Her message is direct and blunt – and sadly for Amar, true too!
It is obvious that Amar has a huge mountain to climb. The businesses he sweated to build are facing an uncertain future, not on account of poor market conditions but due to poor business decisions.
But let us remember first that Amar could sense a good opportunity a mile away and he had ample amounts of guts and risk-taking ability to pursue them. He jumped out of a safe job and set about developing not one, but three revenue streams for himself.
That he is a good Salesperson is evident from his success not only at a Sales Executive but as an entrepreneur too.
We also know that he was good to his people – his employees liked working with him and when his siblings came knocking he gave them plum positions in the businesses he had grown from nothing.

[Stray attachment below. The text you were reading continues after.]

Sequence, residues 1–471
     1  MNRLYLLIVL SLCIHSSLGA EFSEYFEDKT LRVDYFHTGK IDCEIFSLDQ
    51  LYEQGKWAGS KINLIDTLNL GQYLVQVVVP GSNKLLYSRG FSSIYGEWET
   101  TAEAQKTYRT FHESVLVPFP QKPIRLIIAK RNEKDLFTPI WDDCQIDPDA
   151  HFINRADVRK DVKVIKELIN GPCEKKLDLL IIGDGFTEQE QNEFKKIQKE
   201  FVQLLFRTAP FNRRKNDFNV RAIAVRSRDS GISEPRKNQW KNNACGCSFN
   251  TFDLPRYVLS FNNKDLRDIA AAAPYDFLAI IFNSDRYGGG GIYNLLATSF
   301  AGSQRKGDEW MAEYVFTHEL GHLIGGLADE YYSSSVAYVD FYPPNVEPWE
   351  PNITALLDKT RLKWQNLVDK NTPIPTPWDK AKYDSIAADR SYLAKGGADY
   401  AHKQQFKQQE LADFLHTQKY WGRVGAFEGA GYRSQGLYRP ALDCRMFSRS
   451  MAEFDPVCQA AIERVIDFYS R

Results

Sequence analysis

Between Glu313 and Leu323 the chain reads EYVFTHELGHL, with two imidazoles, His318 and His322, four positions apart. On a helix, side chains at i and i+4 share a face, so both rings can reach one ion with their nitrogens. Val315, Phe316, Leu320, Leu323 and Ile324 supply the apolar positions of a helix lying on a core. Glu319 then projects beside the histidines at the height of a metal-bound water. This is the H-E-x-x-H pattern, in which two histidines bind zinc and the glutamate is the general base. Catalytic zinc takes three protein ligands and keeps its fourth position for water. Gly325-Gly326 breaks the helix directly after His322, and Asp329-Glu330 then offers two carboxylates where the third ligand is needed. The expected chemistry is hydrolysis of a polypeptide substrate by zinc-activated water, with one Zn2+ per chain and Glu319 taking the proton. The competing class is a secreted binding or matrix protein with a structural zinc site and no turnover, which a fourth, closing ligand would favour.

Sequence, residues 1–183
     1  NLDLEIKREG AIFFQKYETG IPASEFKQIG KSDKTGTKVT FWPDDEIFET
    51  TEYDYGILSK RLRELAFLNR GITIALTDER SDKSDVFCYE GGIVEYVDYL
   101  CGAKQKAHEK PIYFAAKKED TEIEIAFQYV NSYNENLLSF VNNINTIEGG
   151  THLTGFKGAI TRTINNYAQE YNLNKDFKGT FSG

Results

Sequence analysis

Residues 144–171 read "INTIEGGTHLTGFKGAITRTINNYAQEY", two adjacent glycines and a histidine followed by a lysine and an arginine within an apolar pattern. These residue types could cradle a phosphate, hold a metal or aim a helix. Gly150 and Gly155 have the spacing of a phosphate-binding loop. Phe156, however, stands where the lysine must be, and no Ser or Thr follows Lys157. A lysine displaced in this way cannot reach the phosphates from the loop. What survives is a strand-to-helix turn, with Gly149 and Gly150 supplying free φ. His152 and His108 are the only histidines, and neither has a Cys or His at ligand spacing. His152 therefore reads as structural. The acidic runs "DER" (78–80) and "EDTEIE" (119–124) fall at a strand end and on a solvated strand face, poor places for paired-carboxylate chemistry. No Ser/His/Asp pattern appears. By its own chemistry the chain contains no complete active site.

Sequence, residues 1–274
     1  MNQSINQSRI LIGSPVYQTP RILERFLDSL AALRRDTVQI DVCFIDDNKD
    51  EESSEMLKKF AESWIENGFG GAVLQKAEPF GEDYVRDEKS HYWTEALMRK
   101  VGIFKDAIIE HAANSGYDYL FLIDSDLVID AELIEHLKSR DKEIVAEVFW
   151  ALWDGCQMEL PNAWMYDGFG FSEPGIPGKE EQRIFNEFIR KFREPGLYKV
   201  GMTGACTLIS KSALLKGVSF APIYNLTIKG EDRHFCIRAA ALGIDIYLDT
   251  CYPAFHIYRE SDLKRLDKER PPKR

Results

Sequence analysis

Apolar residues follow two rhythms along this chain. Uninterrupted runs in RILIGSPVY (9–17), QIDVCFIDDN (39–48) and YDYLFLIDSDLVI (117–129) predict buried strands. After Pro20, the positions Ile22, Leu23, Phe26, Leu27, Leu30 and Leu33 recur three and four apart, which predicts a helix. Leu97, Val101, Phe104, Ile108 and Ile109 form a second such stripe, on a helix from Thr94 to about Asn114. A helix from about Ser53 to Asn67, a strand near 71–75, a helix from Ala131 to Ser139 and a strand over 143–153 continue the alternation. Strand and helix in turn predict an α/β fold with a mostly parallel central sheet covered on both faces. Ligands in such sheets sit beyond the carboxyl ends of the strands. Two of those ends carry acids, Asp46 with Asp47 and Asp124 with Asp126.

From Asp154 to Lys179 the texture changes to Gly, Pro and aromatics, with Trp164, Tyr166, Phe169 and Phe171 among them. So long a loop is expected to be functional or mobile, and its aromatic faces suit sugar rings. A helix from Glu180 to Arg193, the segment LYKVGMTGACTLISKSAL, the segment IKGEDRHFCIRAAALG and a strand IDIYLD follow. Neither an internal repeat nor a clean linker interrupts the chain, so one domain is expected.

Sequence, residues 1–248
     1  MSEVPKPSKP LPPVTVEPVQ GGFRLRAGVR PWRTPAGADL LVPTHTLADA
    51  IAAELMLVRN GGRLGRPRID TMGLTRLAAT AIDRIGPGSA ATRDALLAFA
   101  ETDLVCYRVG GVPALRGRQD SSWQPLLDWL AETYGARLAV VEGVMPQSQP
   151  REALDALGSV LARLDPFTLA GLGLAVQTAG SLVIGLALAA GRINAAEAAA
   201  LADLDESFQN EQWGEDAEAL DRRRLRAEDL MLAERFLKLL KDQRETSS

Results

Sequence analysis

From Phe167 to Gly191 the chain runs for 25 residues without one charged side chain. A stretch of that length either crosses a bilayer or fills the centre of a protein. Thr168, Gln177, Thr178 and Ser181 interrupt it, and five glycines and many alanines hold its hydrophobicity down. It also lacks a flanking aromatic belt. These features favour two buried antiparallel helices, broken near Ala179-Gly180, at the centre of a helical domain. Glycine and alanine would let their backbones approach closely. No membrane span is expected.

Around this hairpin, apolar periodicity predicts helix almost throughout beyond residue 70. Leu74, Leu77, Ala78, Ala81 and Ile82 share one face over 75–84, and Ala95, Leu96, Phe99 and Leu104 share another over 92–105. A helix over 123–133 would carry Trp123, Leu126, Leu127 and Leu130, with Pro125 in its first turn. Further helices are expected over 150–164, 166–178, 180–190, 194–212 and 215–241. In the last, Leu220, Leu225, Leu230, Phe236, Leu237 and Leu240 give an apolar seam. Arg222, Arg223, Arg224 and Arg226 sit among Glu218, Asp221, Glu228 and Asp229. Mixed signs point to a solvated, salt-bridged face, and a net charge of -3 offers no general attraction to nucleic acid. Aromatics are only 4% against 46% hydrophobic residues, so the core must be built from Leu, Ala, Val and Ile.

However, being a nice person or being a smart Salesman aren’t qualities that can automatically make you a good business man. It takes much more.
Like many of my readers have pointed out:
- Amar trusted people too easily and he was gullible too in some ways – his brothers, and later his friend, misused this weakness to the extreme.
- Amar wasn’t able to separate personal priorities with business priorities – he was blinded by the love he had for his siblings and believed that his brothers were capable of running a business; his belief was that they would return the favour by running it the way he used to.